max FLOPS for matrix multiplication Intel/AMD CPU

My formula for estimating the maximum FLOPs/s of an Intel CPU is

``````Max SP FLOPs/s = frequencey * 4 SSE(8AVX) * 2 (MAC) * number of cores (not HW threads)
Max DP FLOPs/s = 0.5 * Max SP FLOPs/s
``````

By MAC I mean the CPU can do one SSE(AVX) multiplication and addition at the same time. On the system I'm using the maximum frequency under load is 2.66 GHz. It only has SSE and the number of cores (not Hardware threads) is 4. That gives: Max SP FLOPs/s = 85.12 GFLOPs/s.

The number of FLOPs for matrix multiplication is approxiamelty `2*n*m*k`. For a square matrix with n=1000 that's 2*10E9 FLOPs (2 billion FLOPs). Once I know the time I can estimate the FLOPs/s.

However, the best I can get for my own code is about 40 SP GFLOPs/s for example with n=1000. I get about the same result with Eigen. That's about a 45% efficiency. Is my calculation for the maximum wrong? What's the best efficiency for a Intel CPU for large dense matrix multiplication? Does anyone have a paper describing this?

I know that on the GPU the efficiency can be more than 60%. http://www.anandtech.com/show/6774/nvidias-geforce-gtx-titan-part-2-titans-performance-unveiled/3

Edit: I get similar results for n=500 which easily fits in the 12MB L3 cache of my system so the cache does not seem to be the limiting factor (though maybe I can use it more efficiently).

Edit2: Eigen Benchmarks show it as good as MKL (for SSE). They use a Intel(R) Core(TM)2 Quad CPU Q9400 @ 2.66GHz. So 2.66* 2(DP SSE) *2 MAC * 4 cores = 42.25 DP GFLOPs/s. You can see on the plot they are all getting less that 20. Something on order of 45% like me. http://eigen.tuxfamily.org/index.php?title=Benchmark

Edit3: Here is my code for anyone that cares. I can get slight better results than this but not much better. I'm using Agner Fog's vectorclass for SEE/AVX. and setting Vec8f to float8 and Vec4d to double4

``````//SGEMM and AVX call MM_tile<float, float8>(nthreads, a, b, c, n, m, k);
template <typename ftype, typename floatn>
void GEMM_tile(const int nthreads, const ftype*A , const ftype* B, ftype* C, const int N, const int M, const int K) {
for(int i=0; i<N; i++) {
for(int j=0; j<K; j++) {
C[K*i + j] = 0;
}
}
const int nc = 32;
const int kc = 32;
const int mc = 32;
for(int ii=0; ii<N; ii+=nc) {
for(int jj=0; jj<K; jj+=kc)
for(int ll=0; ll<M; ll+=mc) {
const int nb = min(N-ii, nc);
const int kb = min(K-jj, kc);
const int mb = min(M-ll, mc);
MM_block<ftype, floatn>(nb, mb, kb, &A[M*ii+ll], N, &B[K*ll+jj], K, &C[K*ii+jj], K );
}
}
}

template <typename ftype, typename floatn>
void MM_block(int n, int m, int k, const ftype *a, const int stridea,
const ftype *b, const int strideb,
ftype *c, const int stridec ) {
const int vec_size = sizeof(floatn)/sizeof(ftype);
for(int i=0; i<n; i+=4) {
for(int j=0; j<k; j+=vec_size) {
Dot4x4_vec_block<ftype, floatn>(m, &a[strideb*i], &b[j], &c[stridec*i + j], stridea, strideb, stridec);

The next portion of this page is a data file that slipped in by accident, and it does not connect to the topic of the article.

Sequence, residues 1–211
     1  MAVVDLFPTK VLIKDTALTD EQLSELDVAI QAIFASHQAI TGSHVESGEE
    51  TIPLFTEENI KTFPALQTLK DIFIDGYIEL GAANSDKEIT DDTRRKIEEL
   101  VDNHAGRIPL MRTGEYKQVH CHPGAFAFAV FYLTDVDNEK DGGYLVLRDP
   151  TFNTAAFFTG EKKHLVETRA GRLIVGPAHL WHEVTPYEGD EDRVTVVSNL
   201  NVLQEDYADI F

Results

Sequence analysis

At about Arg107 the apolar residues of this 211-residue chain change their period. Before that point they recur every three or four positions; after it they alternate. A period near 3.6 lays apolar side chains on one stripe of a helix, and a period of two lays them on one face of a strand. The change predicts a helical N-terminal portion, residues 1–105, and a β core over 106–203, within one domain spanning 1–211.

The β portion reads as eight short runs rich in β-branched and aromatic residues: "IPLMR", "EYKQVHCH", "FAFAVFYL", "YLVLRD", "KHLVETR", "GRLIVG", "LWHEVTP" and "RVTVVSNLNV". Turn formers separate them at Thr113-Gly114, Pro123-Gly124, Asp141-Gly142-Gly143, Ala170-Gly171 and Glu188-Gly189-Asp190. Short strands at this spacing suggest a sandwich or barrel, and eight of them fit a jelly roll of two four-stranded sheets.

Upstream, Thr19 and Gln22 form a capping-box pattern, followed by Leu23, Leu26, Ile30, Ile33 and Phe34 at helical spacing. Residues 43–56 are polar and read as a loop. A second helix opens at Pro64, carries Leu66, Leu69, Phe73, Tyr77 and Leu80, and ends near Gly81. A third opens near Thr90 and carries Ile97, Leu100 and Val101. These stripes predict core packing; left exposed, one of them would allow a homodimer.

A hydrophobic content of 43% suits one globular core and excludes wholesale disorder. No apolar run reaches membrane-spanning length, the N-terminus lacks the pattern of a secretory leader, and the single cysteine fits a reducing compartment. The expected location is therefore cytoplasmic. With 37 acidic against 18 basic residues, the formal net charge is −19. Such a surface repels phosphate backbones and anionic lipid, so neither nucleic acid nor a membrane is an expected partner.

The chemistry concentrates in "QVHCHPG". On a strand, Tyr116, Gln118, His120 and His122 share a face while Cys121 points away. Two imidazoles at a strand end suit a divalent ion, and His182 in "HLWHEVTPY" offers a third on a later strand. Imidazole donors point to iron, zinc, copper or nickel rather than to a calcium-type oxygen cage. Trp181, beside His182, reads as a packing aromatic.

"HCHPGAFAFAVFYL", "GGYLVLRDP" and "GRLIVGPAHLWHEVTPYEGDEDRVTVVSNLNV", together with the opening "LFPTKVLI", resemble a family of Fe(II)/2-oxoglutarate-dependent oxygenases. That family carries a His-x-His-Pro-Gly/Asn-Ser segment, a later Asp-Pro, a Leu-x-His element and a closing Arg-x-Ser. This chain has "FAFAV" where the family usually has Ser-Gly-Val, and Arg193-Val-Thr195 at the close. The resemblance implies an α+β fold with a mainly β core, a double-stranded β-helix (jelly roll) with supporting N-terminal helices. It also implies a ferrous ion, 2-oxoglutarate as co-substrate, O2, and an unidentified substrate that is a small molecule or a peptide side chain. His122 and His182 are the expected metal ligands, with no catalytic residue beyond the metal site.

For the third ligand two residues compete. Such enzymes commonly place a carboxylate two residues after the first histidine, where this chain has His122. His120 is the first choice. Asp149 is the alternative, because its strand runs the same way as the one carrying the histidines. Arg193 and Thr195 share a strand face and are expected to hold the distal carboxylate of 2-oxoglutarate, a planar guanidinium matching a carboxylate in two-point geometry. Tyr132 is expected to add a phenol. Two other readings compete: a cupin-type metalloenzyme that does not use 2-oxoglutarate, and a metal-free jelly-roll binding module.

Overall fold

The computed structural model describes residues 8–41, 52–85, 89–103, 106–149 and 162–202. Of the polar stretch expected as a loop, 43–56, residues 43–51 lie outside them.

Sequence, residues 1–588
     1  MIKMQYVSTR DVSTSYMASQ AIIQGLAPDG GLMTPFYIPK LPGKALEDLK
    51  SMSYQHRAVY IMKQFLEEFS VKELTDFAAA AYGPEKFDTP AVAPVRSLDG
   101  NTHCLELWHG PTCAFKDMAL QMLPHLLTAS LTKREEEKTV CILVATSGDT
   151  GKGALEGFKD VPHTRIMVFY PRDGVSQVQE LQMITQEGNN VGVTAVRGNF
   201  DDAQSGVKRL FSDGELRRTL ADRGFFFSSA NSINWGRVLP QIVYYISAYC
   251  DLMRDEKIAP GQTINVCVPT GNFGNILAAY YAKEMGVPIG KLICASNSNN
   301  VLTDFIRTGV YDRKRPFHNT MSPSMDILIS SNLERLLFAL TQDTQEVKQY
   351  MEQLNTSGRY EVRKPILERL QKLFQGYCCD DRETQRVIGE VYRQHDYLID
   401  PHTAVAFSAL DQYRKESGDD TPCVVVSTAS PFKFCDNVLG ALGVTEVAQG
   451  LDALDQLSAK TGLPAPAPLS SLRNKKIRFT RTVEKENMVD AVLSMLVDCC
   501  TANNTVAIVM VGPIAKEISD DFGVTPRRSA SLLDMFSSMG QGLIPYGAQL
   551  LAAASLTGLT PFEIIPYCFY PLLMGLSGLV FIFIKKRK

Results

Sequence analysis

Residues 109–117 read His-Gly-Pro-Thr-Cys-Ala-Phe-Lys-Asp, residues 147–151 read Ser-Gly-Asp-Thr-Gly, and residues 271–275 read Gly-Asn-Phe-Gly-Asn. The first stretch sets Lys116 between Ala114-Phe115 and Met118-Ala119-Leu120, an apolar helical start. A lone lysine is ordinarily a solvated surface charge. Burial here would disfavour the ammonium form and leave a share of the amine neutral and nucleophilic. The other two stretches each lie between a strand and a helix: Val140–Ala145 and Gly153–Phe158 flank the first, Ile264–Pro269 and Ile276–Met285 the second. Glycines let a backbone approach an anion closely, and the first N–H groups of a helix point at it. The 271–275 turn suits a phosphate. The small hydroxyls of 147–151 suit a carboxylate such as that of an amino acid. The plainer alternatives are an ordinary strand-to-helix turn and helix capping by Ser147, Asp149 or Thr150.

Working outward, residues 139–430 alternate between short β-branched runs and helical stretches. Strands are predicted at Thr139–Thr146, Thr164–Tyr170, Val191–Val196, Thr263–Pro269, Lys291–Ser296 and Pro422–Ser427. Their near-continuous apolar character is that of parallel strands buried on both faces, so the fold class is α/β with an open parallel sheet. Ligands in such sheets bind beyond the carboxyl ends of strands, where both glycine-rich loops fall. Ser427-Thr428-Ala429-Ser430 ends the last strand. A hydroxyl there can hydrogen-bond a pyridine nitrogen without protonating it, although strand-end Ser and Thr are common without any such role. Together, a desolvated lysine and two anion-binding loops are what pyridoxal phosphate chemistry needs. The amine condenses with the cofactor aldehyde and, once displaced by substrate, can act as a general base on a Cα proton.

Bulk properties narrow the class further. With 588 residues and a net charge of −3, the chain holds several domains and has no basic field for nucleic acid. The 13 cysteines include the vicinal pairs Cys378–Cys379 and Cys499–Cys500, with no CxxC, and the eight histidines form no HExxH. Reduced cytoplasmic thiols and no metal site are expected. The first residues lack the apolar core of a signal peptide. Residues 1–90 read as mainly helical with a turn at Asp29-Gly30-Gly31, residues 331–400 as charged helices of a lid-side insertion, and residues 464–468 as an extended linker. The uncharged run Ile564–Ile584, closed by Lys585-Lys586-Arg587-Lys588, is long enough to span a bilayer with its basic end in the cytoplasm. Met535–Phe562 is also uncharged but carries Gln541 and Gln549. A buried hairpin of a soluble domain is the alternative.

}
}

template <typename ftype, typename floatn>
inline void Dot4x4_vec_block(const int n, const ftype *a, const ftype *b, ftype *c, const int stridea, const int strideb, const int stridec) {
floatn tmp0, tmp1, tmp2, tmp3;

ftype *a0_ptr = (ftype*)&a[stridea*0];
ftype *a1_ptr = (ftype*)&a[stridea*1];
ftype *a2_ptr = (ftype*)&a[stridea*2];
ftype *a3_ptr = (ftype*)&a[stridea*3];
for(int i=0; i<n; i++) {
floatn breg = floatn().load(&b[i*strideb + 0]);

floatn areg0 = *a0_ptr++;
floatn areg1 = *a1_ptr++;
floatn areg2 = *a2_ptr++;
floatn areg3 = *a3_ptr++;

tmp0 += areg0 * breg;
tmp1 += areg1 * breg;
tmp2 += areg2 * breg;
tmp3 += areg3 * breg;
}
tmp0.store(&c[stridec*0]);
tmp1.store(&c[stridec*1]);
tmp2.store(&c[stridec*2]);
tmp3.store(&c[stridec*3]);
}
``````
-
I'll write more later, but good BLAS implementations asymptotically achieve ~90% of peak on modern x86 hardware. MKL and GotoBLAS are both good reference points. Pushing beyond about 60% requires carefully-tuned inner loops with consideration given to instruction latency and port utilization. It often requires writing assembly, unless you happen to hit on an intrinsic idiom that your compiler handles really well. –  Stephen Canon Apr 16 '13 at 16:58
Thanks, 90% is what I was hoping for. I added some text on Eigen vs MKL. It's as good as MKL they claim (for SSE). The interesting thing is my formula would predict over 40 DP GLOPs/s and they all get less than 20. Maybe my formula is off by a factor of 2? –  user2088790 Apr 16 '13 at 17:44
I found some code to profile MKL. They have a chart for the i7-2600K. They get 90 DP GFLOPs/s. I get 50 DP GFLPS/s on my 2600K at home. That tells me my formula is correct and that my code (and Eigen's) is inefficient. software.intel.com/en-us/articles/… –  user2088790 Apr 16 '13 at 19:16
Often, the limiting factor for processing throughput is memory bandwidth, especially in cases where your working set doesn't fit into the CPU cache (your 1000-by-1000 matrix of `float` will take up ~4 MB, whereas your CPU probably has a 2 MB L3 cache). This is a situation where the structure of your algorithm can make a big difference in how it performs, but you will usually hit a wall at some point where you just can't get any faster because you're waiting on values to come from some higher level in the memory hierarchy.